It is the night before the release of the December USDA report. As reports go, the December report is one of the least concerning to farmers. The USDA will adjust ending stocks a bit but everybody seems to know that the January 9th, 2012 report will be the real big enchilada. That’s when the final numbers from the 2011 crop will be recorded. I’ve seen it many times when the grain market reacts violently.
Of course we do not know what will happen to prices. The last several months have not been kind to the grain markets as the slowest moving train wreck, sometimes called Europe has been a problem. The European debt problems started many months ago. Nothing has really changed except everything is gotten worse but it happens so slowly it is like a bleeding ulcer to the grain markets. It’s getting to be quite a broken record.
I was reminded this week that despite the price drop in grains many producers are still planning on contributing to the 96 million acres of corn next year in United States. I think that is quite a stretch, but yes, even at these price levels there are still profits to be made for 2012. Interestingly enough many of these profits are being capitalize back into land.
I say that because this past week I learned that one particular parcel of land in Iowa sold for $20,000 per acre. I can remember in Ontario when land got to $5000 an acre our eyes glazed over. So when you hear that a farm goes for $20,000 per acre it makes you stand up attention. This parcel of land was sold in Northwest Iowa in Sioux County. I don’t know much about the land other than the fact it was bought by a neighbor. Obviously, they had a lot of money.
At one time in my life I would only have a mild interest in the news. However, about 3 or 4 years ago I was asked to develop an “Agriculture for Realtors” continuing education course and teach it to Ontario Realtors. It was quite a challenge because no such course existed in Ontario. The London and St. Thomas Real Estate Association was finding an increasing demand in farm sales and Realtors needed to know much more about agriculture. There is a regulation in Ontario that realtors must submit to continuing education within a two-year period and my course was going to be part of it. So over the past few years I have taught the course several times. Needless to say, over that time land prices in Ontario have skyrocketed.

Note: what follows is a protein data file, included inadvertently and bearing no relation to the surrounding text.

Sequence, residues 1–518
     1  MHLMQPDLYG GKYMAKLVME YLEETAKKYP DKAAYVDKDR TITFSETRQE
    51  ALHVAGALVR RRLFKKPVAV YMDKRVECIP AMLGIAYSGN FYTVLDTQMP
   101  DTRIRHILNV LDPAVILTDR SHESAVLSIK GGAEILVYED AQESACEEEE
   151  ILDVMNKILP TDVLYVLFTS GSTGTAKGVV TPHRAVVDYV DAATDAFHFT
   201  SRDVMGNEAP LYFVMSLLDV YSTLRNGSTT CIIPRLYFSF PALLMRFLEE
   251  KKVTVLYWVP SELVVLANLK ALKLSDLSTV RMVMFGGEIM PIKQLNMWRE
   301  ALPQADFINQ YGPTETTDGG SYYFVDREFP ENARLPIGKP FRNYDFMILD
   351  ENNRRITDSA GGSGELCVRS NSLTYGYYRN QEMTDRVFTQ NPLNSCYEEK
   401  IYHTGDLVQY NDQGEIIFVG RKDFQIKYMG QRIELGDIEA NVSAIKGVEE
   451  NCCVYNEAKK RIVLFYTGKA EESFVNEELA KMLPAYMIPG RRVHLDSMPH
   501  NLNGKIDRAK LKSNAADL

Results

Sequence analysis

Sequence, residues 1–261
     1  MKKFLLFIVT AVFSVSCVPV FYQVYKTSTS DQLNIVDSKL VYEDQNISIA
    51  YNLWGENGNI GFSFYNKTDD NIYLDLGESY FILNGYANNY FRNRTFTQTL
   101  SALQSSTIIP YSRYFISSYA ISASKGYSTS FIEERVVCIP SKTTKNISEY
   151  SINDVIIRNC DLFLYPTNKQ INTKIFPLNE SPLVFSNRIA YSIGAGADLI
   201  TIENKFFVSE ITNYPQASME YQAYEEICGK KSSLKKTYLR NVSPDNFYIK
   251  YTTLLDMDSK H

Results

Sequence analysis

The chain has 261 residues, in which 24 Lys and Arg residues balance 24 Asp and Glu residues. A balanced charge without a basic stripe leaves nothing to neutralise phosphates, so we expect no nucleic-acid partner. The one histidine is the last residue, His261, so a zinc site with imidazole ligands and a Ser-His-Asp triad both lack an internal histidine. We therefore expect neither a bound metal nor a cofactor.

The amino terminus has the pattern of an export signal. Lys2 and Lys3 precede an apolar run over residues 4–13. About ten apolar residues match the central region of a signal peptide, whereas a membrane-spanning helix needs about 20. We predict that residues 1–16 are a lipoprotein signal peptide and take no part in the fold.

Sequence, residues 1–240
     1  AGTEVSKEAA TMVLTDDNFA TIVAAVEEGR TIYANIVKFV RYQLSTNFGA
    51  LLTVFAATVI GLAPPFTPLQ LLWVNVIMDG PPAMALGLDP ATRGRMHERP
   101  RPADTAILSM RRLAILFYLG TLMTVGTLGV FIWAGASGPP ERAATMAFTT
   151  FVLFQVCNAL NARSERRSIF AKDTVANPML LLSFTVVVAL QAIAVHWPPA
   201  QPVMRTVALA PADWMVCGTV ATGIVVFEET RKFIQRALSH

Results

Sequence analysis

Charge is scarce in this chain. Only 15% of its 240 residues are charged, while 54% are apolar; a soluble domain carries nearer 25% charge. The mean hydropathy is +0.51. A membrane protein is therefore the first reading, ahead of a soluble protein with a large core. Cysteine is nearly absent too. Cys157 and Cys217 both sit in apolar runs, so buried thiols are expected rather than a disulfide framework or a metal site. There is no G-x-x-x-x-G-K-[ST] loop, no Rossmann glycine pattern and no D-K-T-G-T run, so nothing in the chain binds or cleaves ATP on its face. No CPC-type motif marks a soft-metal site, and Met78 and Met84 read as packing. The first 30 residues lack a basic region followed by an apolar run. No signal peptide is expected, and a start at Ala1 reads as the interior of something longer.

What do I mean? I’m talking about $10-$14,000 an acre in southwestern Ontario. In fact a land appraiser told me he has never seen anything like it except in the late 1970s. That’s when inflation was running at 12% and land was going up with it.
When I mention farmland values like that but my own eyes glaze over. Keep in mind that southwestern Ontario is not in the footprint of the greater Toronto area. These were farmers buying the land. So where does that come from?
Well, the simple fact is it comes from profitability but it also comes from other sources. Its no secret that money has been invested in farmland from folks who got burned in the equity markets over the last few years. However, it is also farmers flush with cash, looking to put in a place other than “paper money.”
So it is tough to get your head around some of this. For instance some academics say that land rent should be about 4.5% of the purchasing price of land. So that means if land is valued at $10,000 per acre, we should be paying $450 an acre to rent the land. In some jurisdictions renting is lagging behind land values, so “rent auctions” are taking place. This is where an auction for renting land is held with bidders publicly competing on price. I have never heard of this in Ontario, but there was one instance near Milverton where a standing cornfield was “sold” for $950/acre. That’s not quite a rental auction but it’s close. If profitability stays in Ontario agriculture, this may be our future.
When I teach “Agriculture for Realtors” I have a section on land values where I look at recorded land sales on the Farm credit Canada website. The last time I did that was about 3 weeks ago in Mitchell Ontario. I was showing actual land sales of $9000 per acre. Many of the realtors that day were shaking their heads saying private sales were much higher. I told them I did not doubt that.
It is likely to continue as experts say you should try to imagine what land will be worth in 30 years and price it accordingly. I am one of the few who has actually seen land prices go down within a 10-year period over my career. At one point in my career that represented a buying opportunity, but now I really don’t want to see that again. That’s just another reason why tomorrow I’ll be interested in the USDA grain’s report. On a monthly basis it usually relates directly to our profitability as farmers. Of course that increasingly relates to the price of the land underneath us. Of course the land is what many of us are all about. It’s just all so complicated.